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Ohm Walsh system build guidance

Mark F

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Greetings ASR community!
My wife and I are starting our first ‘real’ build, centered around a pair of Ohm Walsh 3XO’s that we recently purchased. We would love to get some objective guidance!

Physical Environment:
The 3XO’s will be placed in the corners of our living room (basically square, 320 sq ft, LVP floor) to Ohm’s recommendations. Our apartment was built in the 90’s (USA) and is typical stick/sheetrock residential construction with no special sound-isolation provisions. We can add acoustic treatment to the room as necessary but can’t modify the apartment’s structure.

Listening habits:
We typically listen at an SPL where we can still hold conversation without substantially raising our voices. We both work from home and are constantly moving around the living room or attached dining/kitchen area while listening. Our objective here is to mimic the ambience of a live performer in the room, minus the high SPL. We very rarely do any “sweet spot” critical listening.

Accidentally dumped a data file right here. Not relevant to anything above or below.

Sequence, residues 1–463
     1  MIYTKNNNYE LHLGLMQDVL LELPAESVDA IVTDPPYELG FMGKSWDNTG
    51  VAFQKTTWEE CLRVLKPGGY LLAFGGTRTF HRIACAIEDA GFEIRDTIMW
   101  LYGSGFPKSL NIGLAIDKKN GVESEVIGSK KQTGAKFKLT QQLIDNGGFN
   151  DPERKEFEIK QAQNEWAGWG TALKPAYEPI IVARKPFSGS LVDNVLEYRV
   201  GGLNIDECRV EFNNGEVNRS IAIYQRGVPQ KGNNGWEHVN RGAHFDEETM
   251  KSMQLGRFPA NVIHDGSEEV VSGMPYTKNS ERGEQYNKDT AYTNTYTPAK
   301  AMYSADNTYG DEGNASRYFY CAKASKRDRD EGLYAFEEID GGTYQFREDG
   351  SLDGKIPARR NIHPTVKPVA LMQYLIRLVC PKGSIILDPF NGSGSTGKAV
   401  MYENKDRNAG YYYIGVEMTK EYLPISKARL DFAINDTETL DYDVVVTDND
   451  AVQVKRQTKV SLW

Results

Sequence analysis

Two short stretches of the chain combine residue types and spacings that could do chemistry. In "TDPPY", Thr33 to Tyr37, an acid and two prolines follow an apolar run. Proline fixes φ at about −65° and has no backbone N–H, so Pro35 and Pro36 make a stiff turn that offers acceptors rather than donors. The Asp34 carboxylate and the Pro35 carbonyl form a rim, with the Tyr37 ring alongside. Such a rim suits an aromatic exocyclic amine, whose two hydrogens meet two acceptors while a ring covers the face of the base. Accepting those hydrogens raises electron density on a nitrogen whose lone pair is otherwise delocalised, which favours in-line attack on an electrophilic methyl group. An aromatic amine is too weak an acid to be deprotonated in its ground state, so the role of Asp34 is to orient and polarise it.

Source material is going to be a mix of streaming services, CD’s, and digital files. No vinyl for the foreseeable future.
Music styles include combo, power, & vocal jazz, folk instrumental, singer/songwriter, 60’s-80’s rock & R&B, blues/blues rock. Some classical, progressive metal. FYI, we have a different audio setup for gaming and watching movies.

Misc:
No real physical size constraints for the components.
We don’t need remote control of anything.
Both she and I have no hearing damage.
We don’t care about aesthetics AT ALL. It’s all about the aural experience for us with this build.
We don’t care about brand or trying to look a certain way. Pretentious gear need not apply (we couldn’t afford it anyway).

Budget: